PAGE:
The Bridges of Budapest

This year I visited Budapest for the fourth time, but it’s the first time I’ve learned about it’s history.

Personally, I was really impressed by the history of the bridges of Budapest. Did you know that Budapest has ten bridges that cross the Danube, linking Buda and Pest? And did you know that all of these bridges were destroyed by the German army during World War II?

If you’ve visited Budapest, I’m sure you’ve crossed at least two or three. The bridges spread over the touristic area of the city, that are the most impressive and accessible by foot are(from north to south): Margaret Bridge, Chain Bridge, Elizabeth Bridge, Liberty Bridge and Petofi Bridge.

Each of these bridges has an interesting story behind it, starting with it’s name:

  • Margaret Bridge is the second oldest bridge in Budapest(after the Chain Bridge). It’s built next to Margaret Island and has a passing that connects the bridge to the island. The bridge and the island are named after Saint Margaret, a nun that lived in the Dominican convent on the island.
  • Chain Bridge is the oldest bridge between Buda and Pest and one of the main symbols of the city.  In the square on Buda’s end you will see an oval shaped monument that is the “0 Kilometers” point, the point where all the main roads in Hungary start.
  • Elisabeth Bridge is built in the narrowest part of the Danube and it’s the only bridge destroyed in World War II that was not rebuilt in it’s original form. It was named after Queen Elizabeth, wife of Franz Joseph. This bridge is very easy to identify due to it’s modern structure and the color white.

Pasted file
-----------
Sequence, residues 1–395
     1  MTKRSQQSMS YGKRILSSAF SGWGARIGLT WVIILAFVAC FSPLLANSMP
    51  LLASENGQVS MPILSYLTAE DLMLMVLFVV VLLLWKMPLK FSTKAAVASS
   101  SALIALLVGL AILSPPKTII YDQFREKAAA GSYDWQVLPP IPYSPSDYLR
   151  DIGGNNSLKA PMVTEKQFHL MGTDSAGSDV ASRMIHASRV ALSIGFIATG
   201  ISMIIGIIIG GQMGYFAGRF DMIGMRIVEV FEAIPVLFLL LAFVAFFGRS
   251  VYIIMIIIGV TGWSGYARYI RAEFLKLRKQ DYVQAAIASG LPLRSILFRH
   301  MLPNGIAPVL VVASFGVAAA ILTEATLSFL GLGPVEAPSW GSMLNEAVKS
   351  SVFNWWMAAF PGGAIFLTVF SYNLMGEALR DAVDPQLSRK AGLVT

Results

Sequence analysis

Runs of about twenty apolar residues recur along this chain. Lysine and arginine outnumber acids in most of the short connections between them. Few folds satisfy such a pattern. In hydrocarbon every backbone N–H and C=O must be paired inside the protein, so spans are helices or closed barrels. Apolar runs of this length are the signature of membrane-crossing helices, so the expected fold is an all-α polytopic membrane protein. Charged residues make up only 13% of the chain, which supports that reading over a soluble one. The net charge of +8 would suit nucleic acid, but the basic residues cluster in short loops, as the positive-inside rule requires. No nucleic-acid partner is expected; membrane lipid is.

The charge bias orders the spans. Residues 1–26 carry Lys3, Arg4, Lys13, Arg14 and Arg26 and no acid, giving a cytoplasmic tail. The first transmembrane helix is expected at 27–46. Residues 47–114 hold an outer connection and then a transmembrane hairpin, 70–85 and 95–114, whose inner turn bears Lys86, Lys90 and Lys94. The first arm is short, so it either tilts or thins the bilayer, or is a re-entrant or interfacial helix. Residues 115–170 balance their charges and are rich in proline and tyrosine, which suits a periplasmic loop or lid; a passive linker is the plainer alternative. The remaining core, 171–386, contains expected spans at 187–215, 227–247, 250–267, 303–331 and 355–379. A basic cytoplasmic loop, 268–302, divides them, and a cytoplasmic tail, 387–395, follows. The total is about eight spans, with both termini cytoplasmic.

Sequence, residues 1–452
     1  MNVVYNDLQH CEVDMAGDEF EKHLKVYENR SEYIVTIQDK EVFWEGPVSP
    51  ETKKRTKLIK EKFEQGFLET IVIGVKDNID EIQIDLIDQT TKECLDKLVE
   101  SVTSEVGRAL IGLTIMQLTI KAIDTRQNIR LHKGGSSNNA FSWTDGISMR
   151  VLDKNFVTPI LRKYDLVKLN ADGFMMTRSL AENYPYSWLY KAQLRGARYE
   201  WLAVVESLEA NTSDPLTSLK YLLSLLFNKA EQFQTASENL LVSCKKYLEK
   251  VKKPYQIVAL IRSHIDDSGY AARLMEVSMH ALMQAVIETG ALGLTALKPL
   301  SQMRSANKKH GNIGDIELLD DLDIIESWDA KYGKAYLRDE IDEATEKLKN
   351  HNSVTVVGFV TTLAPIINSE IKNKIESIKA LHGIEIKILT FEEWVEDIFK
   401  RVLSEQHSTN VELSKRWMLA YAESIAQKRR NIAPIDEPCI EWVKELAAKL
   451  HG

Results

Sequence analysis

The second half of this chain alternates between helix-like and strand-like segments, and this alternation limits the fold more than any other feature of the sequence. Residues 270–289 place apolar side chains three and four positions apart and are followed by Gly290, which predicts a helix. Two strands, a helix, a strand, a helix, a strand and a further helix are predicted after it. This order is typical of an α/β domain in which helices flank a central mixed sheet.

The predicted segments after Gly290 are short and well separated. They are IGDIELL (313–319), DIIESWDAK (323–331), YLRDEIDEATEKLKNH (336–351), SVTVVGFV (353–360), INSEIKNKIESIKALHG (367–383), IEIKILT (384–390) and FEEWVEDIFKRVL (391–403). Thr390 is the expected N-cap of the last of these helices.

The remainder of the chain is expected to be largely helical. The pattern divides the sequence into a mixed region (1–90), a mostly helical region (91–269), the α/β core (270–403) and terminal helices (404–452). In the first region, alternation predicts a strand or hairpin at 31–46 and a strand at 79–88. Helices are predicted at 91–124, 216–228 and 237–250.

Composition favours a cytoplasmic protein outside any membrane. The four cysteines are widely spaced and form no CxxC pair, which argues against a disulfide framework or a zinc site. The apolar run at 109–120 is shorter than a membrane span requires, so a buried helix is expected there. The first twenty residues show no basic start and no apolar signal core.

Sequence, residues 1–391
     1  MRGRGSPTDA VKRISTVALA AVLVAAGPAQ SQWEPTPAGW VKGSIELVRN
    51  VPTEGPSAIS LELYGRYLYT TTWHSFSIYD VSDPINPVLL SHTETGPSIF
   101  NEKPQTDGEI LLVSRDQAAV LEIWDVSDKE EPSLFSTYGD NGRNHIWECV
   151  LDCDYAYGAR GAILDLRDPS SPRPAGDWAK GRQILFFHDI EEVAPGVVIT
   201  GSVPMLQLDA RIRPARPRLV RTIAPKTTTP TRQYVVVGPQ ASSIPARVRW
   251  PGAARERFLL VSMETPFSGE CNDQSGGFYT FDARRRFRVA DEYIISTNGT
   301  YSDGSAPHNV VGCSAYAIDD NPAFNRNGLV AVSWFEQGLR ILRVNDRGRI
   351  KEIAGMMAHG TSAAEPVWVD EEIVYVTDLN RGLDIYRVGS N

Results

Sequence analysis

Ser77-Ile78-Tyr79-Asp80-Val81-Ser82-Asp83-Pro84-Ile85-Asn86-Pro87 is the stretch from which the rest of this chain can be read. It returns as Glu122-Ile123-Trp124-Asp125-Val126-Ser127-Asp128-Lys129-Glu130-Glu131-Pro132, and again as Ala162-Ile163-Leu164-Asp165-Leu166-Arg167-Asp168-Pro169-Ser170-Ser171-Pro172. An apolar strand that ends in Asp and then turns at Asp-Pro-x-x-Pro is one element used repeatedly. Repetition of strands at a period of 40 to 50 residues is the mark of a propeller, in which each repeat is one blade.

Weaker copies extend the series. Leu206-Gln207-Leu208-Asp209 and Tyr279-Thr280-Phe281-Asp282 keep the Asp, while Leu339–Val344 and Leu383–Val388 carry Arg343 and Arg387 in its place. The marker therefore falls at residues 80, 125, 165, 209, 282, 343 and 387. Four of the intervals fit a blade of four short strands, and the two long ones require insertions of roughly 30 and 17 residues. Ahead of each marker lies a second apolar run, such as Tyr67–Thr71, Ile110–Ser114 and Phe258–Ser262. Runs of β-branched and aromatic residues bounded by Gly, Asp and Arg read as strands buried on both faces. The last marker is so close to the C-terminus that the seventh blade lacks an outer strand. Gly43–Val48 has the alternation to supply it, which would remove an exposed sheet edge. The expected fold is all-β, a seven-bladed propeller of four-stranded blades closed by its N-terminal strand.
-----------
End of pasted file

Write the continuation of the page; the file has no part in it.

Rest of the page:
• Liberty Bridge is built right next to Elisabeth Bridge. It’s original name was Franz Joseph. After World War II this was the first bridge that was rebuilt. And it’s name changed to Liberty Bridge.

You will find out much more interesting facts about the bridges  and other Budapest sights by taking one of the available tourist tours.

The phrase that I loved most from our tour is this:

Franz Joseph and Elisabeth bridges were built next to each other, symbolizing the Emperor and his wife. Although they both survived over the years, one lost it’s name and the other one it’s form.


The perfect spot to admire the these bridges and the beautiful view of the Pest side is from the Citadel ( on top of Gellért Hill)

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